A mystery that has spanned almost half a century has just been answered, according to a team of researchers.
The mystery involved the above image, which is a trace fossil. A trace fossil shows the activity of an animal rather than the animal themselves, and these types of fossils provide really valuable information to researchers looking to understand the evolution of complex life on Earth. The quartzite rock was discovered in Mount Barren in southwestern Australia, and the tracks embedded in it appear to have been made by crustaceans that burrow into the sand.
The only problem is, "quartzite is as hard as concrete and impossible for burrowing animals to penetrate. The traces would therefore have had to be made while the sand was still loose. But the sand was deposited 1.7 billion years ago - a billion years prior to the appearance of the first animals in the fossil record, and its transformation to quartzite occurred more than 1.2 billion years ago, much earlier than the oldest animal fossils, which are less than 0.6 billion years old," said paleontologist Bruce Runnegar from the University of California, Los Angeles (UCLA).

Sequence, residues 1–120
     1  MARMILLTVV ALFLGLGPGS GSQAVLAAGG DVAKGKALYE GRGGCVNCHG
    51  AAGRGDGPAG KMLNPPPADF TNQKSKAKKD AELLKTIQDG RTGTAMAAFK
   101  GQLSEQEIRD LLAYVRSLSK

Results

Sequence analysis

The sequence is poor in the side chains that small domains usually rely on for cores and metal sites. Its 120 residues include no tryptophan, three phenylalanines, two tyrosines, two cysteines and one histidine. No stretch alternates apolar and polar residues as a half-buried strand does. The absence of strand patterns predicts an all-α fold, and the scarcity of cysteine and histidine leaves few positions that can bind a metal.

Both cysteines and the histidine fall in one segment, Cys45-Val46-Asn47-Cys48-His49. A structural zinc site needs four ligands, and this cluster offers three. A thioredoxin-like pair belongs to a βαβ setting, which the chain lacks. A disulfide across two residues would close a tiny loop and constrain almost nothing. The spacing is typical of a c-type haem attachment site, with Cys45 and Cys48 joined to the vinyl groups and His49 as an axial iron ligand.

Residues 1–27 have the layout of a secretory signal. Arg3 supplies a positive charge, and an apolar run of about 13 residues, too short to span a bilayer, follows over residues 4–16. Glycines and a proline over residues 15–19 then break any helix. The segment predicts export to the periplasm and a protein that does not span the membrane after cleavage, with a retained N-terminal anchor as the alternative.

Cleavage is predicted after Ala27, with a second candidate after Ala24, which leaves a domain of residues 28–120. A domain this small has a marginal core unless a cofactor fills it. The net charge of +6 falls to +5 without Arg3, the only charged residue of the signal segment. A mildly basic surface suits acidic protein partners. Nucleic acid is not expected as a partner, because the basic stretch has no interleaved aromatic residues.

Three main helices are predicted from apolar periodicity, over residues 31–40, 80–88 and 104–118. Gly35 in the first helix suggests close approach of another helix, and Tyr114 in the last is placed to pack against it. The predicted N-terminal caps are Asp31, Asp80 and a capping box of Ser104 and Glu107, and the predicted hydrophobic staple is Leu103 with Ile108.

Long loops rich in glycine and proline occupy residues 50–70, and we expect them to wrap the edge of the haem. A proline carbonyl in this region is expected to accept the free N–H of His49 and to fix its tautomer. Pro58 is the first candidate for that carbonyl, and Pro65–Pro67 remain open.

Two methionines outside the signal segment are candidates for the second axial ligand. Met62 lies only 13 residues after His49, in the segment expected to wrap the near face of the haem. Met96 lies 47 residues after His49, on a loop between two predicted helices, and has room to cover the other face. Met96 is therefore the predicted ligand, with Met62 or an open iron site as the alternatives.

In the new study, researchers propose that animals created the marks on the quartzite, but what had happened as that weathering and flooding caused the rock to soften, giving an opportunity for burrowing animals to make their mark before the rock hardened again.
Birger Rasmussen, a geologist from the University of Western Australia, said, "The age turned out to be more than a billion years younger than the enclosing quartzite. The burrows could therefore have been made by animals."
Paleontologist Stefan Bengtson from the Swedish Museum of Natural History added, "These trace fossils in the 'wrong' rocks have been a mystery for half-a-century. We are glad to have been able to demonstrate geological processes that resolve this conundrum."
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